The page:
Vaccine cost and veterinary profits: The price of protection
“A rabies shot costs $30? I bet you buy that vaccine from the manufacturer for $3. So you want to charge me a 1000% markup. Seriously?”
This outburst was brought to you by one smart-cookie client from last week. She’d worked for a veterinarian in the past so she’d always received her vaccines at cost. She new what a lot of you don’t know:
Vaccines themselves are cheap!
But vaccines never sell for the standard 100 to 300% markup other products are subject to. Unless you’re getting them in a “vaccine clinic” setting (where their cost is subsidized by the government or via high-volume sales) they tend to sell for huge multiple markups.
Why do vaccines enjoy such a high markup relative to other drugs and supplies? I’ll give you five reasons:
1) Because vaccines must be handled and stored carefully. It costs much more to manage a stash of vaccines than it does to manage almost any other drug or supply in the hospital.
2) Because we have to buy in bulk and therefore have to factor in the cost of product expiration and the financial cost of large up-front payments to manufacturers and distributors.
3) Because the cost of our related supplies (syringes, etc.), staff and overhead must be considered.
4) Because the regulatory aspect of vaccines means we have to maintain detailed records and fill out regulatory forms when they’re administered. Computerized record management and trained staff are expensive.
5) Because the professional know-how should be factored in and compensated. This includes the selection of vaccines and their administration protocols as well as the explanation of their actions and any treatment of their potential reactions.
This list of reasons explains why in the human medical world pediatricians are up in arms over how poorly they’re reimbursed for vaccines. On NPR this morning this issue was discussed in some detail in a five-minute segment on the Morning Edition program.
A recent study covered by the segment showed that prices and reimbursement of vaccines varied so widely as to price some pediatricians out of the vaccine business altogether. When the government or insurance company will only pay you $5 for a vaccine that costs you $3, you’re sure as heck not going to carry it. Not when it costs you a total of $12 to bring it to each patient.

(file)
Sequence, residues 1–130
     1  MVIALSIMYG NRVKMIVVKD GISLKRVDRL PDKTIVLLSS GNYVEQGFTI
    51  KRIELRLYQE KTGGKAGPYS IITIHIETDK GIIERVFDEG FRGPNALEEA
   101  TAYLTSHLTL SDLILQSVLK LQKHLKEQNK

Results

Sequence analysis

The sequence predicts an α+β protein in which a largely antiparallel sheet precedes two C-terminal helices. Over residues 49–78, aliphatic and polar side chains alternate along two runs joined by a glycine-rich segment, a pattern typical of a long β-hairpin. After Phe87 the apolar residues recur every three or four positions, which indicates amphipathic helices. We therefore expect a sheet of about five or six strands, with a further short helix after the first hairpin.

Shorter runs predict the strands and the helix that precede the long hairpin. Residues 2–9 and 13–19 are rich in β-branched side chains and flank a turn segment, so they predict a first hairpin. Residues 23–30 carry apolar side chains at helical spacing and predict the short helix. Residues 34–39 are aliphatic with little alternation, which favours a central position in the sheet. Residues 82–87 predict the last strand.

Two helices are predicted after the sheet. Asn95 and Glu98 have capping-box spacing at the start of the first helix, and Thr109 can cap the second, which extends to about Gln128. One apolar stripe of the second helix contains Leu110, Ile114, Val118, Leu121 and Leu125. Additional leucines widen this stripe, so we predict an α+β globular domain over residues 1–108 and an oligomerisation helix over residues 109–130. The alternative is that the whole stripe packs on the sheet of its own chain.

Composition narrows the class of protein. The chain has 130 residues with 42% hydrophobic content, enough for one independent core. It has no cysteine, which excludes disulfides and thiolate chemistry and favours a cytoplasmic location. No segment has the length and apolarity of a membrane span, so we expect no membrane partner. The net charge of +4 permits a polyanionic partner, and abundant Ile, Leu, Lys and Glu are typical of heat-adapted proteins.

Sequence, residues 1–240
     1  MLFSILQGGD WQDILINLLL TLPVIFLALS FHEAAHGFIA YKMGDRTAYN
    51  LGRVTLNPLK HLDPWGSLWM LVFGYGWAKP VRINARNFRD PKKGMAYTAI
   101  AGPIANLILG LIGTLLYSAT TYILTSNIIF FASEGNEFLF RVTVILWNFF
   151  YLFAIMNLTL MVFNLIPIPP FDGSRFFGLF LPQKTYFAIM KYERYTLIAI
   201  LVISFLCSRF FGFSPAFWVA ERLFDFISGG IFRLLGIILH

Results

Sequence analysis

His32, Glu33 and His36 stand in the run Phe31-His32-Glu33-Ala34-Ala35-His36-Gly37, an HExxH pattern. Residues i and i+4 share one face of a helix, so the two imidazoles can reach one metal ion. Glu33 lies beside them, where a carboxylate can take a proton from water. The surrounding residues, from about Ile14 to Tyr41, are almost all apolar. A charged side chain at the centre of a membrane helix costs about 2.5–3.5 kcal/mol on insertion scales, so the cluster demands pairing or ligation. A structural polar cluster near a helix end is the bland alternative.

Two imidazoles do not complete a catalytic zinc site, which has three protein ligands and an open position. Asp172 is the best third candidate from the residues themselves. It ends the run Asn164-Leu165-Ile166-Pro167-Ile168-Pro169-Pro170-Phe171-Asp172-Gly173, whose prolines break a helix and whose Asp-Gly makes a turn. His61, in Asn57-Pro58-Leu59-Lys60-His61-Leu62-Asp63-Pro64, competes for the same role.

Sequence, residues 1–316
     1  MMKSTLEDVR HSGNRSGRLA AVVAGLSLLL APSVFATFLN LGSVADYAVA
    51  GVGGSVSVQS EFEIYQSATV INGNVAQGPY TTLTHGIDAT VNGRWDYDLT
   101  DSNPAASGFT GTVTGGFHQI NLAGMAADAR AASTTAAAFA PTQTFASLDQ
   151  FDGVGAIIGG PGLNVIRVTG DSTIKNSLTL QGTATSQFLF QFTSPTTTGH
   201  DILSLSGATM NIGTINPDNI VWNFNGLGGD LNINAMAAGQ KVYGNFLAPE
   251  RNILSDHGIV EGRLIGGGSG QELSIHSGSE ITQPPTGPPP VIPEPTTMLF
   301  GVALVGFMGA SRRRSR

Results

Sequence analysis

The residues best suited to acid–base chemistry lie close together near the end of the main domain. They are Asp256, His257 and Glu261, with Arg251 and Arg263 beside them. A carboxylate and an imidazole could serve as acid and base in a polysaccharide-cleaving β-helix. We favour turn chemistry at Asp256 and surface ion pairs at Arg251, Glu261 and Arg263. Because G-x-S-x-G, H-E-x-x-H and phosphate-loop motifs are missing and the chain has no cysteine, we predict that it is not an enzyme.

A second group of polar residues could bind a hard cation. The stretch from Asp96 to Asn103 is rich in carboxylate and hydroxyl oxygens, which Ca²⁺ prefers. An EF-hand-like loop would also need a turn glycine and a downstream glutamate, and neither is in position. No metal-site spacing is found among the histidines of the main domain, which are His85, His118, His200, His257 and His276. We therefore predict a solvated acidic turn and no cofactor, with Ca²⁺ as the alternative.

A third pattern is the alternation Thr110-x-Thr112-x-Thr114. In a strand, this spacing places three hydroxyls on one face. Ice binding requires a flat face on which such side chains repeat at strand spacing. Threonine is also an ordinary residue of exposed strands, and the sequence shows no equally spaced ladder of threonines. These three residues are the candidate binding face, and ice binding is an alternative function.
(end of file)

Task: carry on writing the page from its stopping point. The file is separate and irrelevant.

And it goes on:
It would seem that the government and the insurance companies are as confused as last week’s client on the issue of vaccine reimbursement. What these entities don’t understand is that physicians and veterinarians don’t consider vaccines to be moneymaking items. Not anymore.
Sure, we might have believed so in the past. In fact, you’d be correct in surmising that vaccines were once quite profitable for veterinarians. It used to be the lifeblood of our practices.
Yet while we don’t make much on vaccines these days (reference items 1 through 5 on the list above) it would be unthinkable to outsource vaccination. After all, we know what damage vaccines can do when their administration is handled sloppily.
For my part, I often have cause to cringe when I see that my patients have gone to a local vaccine clinic or a “better-priced place” for their last set of boosters. Usually, that’s because my patients didn’t need the vaccines at all (I stick to the three-year protocol and exempt many geriatric or chronically diseased patients). And sometimes it’s because the patient was sick at the time, receiving vaccines along with steroids and/or antibiotics for conditions I’d never consider compatible with routine vaccination.
What many human insurance carriers and price-sensitive clients don’t understand is that vaccine administration is an art and a science. It’s not the simple draw and push that makes a vaccine safe and effective. It’s the care, the caution and the know-how that makes a $30 rabies worth its pricetag.